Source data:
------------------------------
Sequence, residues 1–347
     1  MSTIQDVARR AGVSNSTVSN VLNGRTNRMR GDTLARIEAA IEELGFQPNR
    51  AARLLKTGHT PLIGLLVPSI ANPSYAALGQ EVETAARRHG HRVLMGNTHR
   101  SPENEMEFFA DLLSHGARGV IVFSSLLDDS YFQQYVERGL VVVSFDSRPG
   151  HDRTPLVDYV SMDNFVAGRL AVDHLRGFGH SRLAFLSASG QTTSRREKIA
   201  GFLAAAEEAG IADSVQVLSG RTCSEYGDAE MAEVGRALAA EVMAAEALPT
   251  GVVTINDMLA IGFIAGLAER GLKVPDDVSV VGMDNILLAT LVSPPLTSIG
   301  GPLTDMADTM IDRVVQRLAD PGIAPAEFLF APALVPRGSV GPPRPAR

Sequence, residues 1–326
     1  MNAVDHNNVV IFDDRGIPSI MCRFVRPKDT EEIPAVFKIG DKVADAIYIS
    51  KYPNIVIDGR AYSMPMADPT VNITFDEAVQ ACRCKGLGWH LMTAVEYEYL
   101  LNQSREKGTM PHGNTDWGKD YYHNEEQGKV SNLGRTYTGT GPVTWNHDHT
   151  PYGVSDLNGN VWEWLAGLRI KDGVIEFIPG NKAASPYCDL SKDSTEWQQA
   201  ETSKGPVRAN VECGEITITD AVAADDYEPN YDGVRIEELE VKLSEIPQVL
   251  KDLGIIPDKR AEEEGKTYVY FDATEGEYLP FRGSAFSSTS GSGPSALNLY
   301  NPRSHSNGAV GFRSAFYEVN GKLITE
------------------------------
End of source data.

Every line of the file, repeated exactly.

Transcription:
Sequence, residues 1–347
     1  MSTIQDVARR AGVSNSTVSN VLNGRTNRMR GDTLARIEAA IEELGFQPNR
    51  AARLLKTGHT PLIGLLVPSI ANPSYAALGQ EVETAARRHG HRVLMGNTHR
   101  SPENEMEFFA DLLSHGARGV IVFSSLLDDS YFQQYVERGL VVVSFDSRPG
   151  HDRTPLVDYV SMDNFVAGRL AVDHLRGFGH SRLAFLSASG QTTSRREKIA
   201  GFLAAAEEAG IADSVQVLSG RTCSEYGDAE MAEVGRALAA EVMAAEALPT
   251  GVVTINDMLA IGFIAGLAER GLKVPDDVSV VGMDNILLAT LVSPPLTSIG
   301  GPLTDMADTM IDRVVQRLAD PGIAPAEFLF APALVPRGSV GPPRPAR

Sequence, residues 1–326
     1  MNAVDHNNVV IFDDRGIPSI MCRFVRPKDT EEIPAVFKIG DKVADAIYIS
    51  KYPNIVIDGR AYSMPMADPT VNITFDEAVQ ACRCKGLGWH LMTAVEYEYL
   101  LNQSREKGTM PHGNTDWGKD YYHNEEQGKV SNLGRTYTGT GPVTWNHDHT
   151  PYGVSDLNGN VWEWLAGLRI KDGVIEFIPG NKAASPYCDL SKDSTEWQQA
   201  ETSKGPVRAN VECGEITITD AVAADDYEPN YDGVRIEELE VKLSEIPQVL
   251  KDLGIIPDKR AEEEGKTYVY FDATEGEYLP FRGSAFSSTS GSGPSALNLY
   301  NPRSHSNGAV GFRSAFYEVN GKLITE